The receiver position took some major injury hits in Week 8.
Sidney Rice and Travis Benjamin suffered season-ending ACL injuries. A knee injury put Miami slot receiver Brandon Gibson on the shelf. Detroit receiver Ryan Broyles blew out an Achilles tendon. Tampa Bay's Mike Williams tore a hamstring and ended up on injured reserve. A week earlier, veteran Reggie Wayne tore his ACL on a non-contact play.
What became clear this week is there are few options on the street to replace the wounded wideouts. If Terrell Owens or Chad Johnson were to get another chance, this would have been the week. But nothing happened. Brandon Lloyd could have changed his mind about retirement, but he didn't.
The limited resources at receiver hit the New England Patriots in training camp, and the team is still reeling. Bill Belichick knew there would be an adjustment period for Tom Brady, who was practicing and preparing to play without his five top pass-catchers from last year. Though New England's personnel office worked the phones, the options weren't great. Eventually, the Patriots brought in Austin Collie, but he's recorded only three catches in a Patriots uniform.
San Francisco would love to upgrade its No. 2 and 3 receivers behind Anquan Boldin. Halfway through the season, the Niners still haven't found an answer, so they'll wait for Mario Manningham and Michael Crabtree to come off the physically unable to perform list.
Even the trade market offered nothing. No receiver was traded as the trade deadline quietly passed Tuesday afternoon.
The Dolphins brought in a road show of available receivers. They looked at Mohamed Massaquoi, Mike Thomas, Matt Willis and Ben Obomanu. Cleveland signed Armanti Edwards, while Seattle added Ricardo Lockette from the practice squad.
Since the start of the regular season, the only receiver signed off the street to catch more than six passes for a new team is Baltimore's Tandon Doss, who was only a couple weeks removed from being cut by the Ravens. Kevin Ogletree caught eight passes for the Tampa Bay Buccaneers before being released. He has five catches for the Lions and figures to get more with Broyles down for the season.
The message is clear: If you don't get your receivers through the draft or acquire a veteran in the offseason, you're not going to have much hope replacing anyone once the regular season starts.
Here are the top 10 trends going into Week 9.
1. Unpredictably predictable Cowboys: While many outside of Dallas might not like the Cowboys, they are an interesting show. Last Sunday's 31-30 Cowboys loss to the Detroit Lions was perhaps the best game of the season. While the quality of play was great on the field, Cowboys receiver Dez Bryant twice started yelling at teammates and coaches near the benches. Jerry Jones and the players involved defended Bryant, but the scene was pretty crazy. That's the unpredictability of the Cowboys. Until they win a close game against a winning team on the road, there also is predictability to the franchise. At least they admit it. As Jones and several players said after the loss, until they win games like last Sunday's, they are doomed to mediocrity. Look at the record. Since 1997, the Cowboys are 132-132. They can't seem to get out of the .500 rut and here's the reason: They struggle against winning teams. Since 2011, the Cowboys are 4-19 against teams that finished the season with winning records. They are 16-1 against teams that finished the regular season with losing records. That helps and hurts for the second half of the season. On Sunday, the Cowboys host the 2-5 Minnesota Vikings, a team struggling to figure out what it has at quarterback. The Cowboys should win. Next week, they travel to New Orleans, one of the best teams in the NFC. That should be a loss, and the Cowboys will be back to .500. But they are in the NFC East, a division that has three teams with losing records and a division that should belong to Dallas this year. If the losing trend continues in the NFC East, the Cowboys may win the division with an 8-8 or 9-7 record. Unfortunately, the playoffs probably won't have any weak teams for them to feast on.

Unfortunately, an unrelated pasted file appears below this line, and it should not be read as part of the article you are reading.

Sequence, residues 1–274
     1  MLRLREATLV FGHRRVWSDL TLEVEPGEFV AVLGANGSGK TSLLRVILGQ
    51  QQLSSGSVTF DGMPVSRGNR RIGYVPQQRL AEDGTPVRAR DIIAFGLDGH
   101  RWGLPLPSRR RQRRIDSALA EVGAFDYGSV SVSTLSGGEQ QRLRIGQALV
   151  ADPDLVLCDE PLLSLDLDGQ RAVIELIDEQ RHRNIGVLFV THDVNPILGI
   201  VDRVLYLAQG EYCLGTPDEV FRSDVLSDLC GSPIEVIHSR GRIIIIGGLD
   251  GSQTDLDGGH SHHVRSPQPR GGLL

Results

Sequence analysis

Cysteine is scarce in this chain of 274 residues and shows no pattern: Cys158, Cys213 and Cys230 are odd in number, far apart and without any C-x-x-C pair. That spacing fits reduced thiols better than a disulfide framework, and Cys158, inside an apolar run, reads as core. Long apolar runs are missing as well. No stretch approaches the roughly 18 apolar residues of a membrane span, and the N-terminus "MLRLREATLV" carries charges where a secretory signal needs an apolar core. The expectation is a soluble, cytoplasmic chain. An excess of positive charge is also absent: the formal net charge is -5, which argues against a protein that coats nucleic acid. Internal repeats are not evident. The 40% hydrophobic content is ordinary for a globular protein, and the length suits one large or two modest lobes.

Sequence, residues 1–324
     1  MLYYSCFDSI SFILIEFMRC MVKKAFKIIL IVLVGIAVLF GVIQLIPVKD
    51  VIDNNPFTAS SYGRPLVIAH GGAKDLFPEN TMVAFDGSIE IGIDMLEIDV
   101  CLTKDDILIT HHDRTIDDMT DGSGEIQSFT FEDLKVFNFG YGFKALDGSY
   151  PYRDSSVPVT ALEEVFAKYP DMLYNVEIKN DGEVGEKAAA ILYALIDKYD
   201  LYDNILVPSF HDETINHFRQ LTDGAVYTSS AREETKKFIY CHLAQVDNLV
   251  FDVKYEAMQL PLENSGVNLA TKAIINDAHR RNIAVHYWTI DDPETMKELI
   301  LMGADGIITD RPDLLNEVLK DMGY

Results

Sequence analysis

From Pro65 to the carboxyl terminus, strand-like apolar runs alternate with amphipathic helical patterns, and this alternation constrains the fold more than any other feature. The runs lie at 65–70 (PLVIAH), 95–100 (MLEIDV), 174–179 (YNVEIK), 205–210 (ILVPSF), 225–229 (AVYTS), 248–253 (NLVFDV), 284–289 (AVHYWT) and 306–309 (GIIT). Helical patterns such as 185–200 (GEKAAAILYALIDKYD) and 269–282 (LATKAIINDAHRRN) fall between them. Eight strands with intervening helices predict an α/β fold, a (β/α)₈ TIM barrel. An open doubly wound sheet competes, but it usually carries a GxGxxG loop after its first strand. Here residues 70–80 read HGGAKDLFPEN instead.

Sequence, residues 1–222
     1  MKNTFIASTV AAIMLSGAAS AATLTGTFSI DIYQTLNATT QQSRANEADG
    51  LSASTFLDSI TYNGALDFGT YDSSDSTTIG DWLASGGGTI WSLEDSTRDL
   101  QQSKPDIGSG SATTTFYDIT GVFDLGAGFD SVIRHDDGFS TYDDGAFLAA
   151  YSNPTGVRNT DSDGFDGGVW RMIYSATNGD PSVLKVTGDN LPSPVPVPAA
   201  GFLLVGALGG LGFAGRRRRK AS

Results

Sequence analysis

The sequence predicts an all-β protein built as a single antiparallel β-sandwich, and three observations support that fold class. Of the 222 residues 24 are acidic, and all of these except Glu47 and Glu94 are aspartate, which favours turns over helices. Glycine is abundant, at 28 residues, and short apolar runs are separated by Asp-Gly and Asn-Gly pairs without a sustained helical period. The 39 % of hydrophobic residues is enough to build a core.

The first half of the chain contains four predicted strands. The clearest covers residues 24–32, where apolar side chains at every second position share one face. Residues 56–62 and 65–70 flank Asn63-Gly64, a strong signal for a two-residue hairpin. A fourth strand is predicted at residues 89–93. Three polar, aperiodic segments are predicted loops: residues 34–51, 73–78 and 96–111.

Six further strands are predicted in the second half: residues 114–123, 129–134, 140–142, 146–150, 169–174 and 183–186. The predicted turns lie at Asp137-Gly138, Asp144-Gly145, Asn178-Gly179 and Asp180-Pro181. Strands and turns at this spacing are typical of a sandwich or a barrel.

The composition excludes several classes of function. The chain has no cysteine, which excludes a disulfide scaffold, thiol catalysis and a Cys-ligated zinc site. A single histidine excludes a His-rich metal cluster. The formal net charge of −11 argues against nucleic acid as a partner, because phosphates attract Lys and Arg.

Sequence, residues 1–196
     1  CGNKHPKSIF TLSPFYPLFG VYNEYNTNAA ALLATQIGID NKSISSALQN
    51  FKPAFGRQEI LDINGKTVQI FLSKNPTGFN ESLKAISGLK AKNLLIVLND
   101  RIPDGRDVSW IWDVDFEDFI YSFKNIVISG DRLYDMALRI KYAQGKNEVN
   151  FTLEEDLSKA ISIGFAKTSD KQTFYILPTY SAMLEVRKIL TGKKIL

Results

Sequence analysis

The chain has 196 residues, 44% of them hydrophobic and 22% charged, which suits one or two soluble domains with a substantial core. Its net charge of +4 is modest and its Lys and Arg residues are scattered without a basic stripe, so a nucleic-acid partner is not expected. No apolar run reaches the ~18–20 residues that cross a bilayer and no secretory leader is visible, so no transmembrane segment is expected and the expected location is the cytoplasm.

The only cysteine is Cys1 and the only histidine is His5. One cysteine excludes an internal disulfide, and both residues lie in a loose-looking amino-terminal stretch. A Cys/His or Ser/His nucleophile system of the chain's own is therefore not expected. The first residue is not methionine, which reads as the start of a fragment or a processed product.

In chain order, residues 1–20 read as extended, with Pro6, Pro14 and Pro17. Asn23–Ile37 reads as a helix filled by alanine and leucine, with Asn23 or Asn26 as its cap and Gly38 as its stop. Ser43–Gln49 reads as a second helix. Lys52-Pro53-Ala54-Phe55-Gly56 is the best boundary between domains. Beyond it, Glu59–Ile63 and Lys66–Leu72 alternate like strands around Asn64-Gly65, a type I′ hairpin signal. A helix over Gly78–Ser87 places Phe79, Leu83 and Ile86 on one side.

2. Is the AFC West really that good? Kansas City is unbeaten. Denver sits at 7-1. San Diego is 4-3 and Oakland is 3-4. The combined record of the four teams in the division is 22-8 -- the best nine-week record of a division since the merger. A 9-1 record against the horrible NFC East is one of the reasons, but those games are drying up. The Broncos went 4-0 against the East, while the Chiefs are 3-0 with only the Redskins left to play. Sunday will be a good test to see if the trend holds up. The Chiefs travel to Buffalo, hoping the Bills won't be a trap game. If the Chiefs win, they will be 9-0 heading into a bye in advance of a Nov. 17 must-see contest against the Broncos. Bills starting quarterback EJ Manuel won't play because of a knee injury, and Thaddeus Lewis is questionable to start with a rib injury. The Chargers have a chance to go 3-0 against the NFC East if they can outduel Robert Griffin III and the Redskins at FedEx Field. The Oakland Raiders, much improved on defense and energized by quarterback Terrelle Pryor, host a Philadelphia Eagles team that hasn't had a 300-yard total offensive output in two weeks.
3. Seasons on the brink: Coaches may tell players and the media not to panic about slow starts, noting the second half of the season is at hand and plenty of good football is ahead. But the clock is ticking on some franchises and several coaches. Greg Schiano heads the list. He's 0-7, fans are unhappy, players are unsettled and the Bucs travel to Seattle with rookie quarterback Mike Glennon under center. The Bucs have been blown out by 18 or more points in three of their past five games. If Schiano can't make them competitive quickly, ownership might consider making a coaching change. In the past two weeks, Schiano has lost halfback Doug Martin and wide receiver Mike Williams. Guard Carl Nicks is out after recent surgery.
Leslie Frazier is also running out of time. The Vikings are 1-6 and Frazier has a mess at quarterback. They could be easy prey for the up-and-down Cowboys. And then there's Mike Tomlin and the Steelers. A loss to the Patriots on Sunday could drop Pittsburgh to 2-6 and all but end the Steelers' season.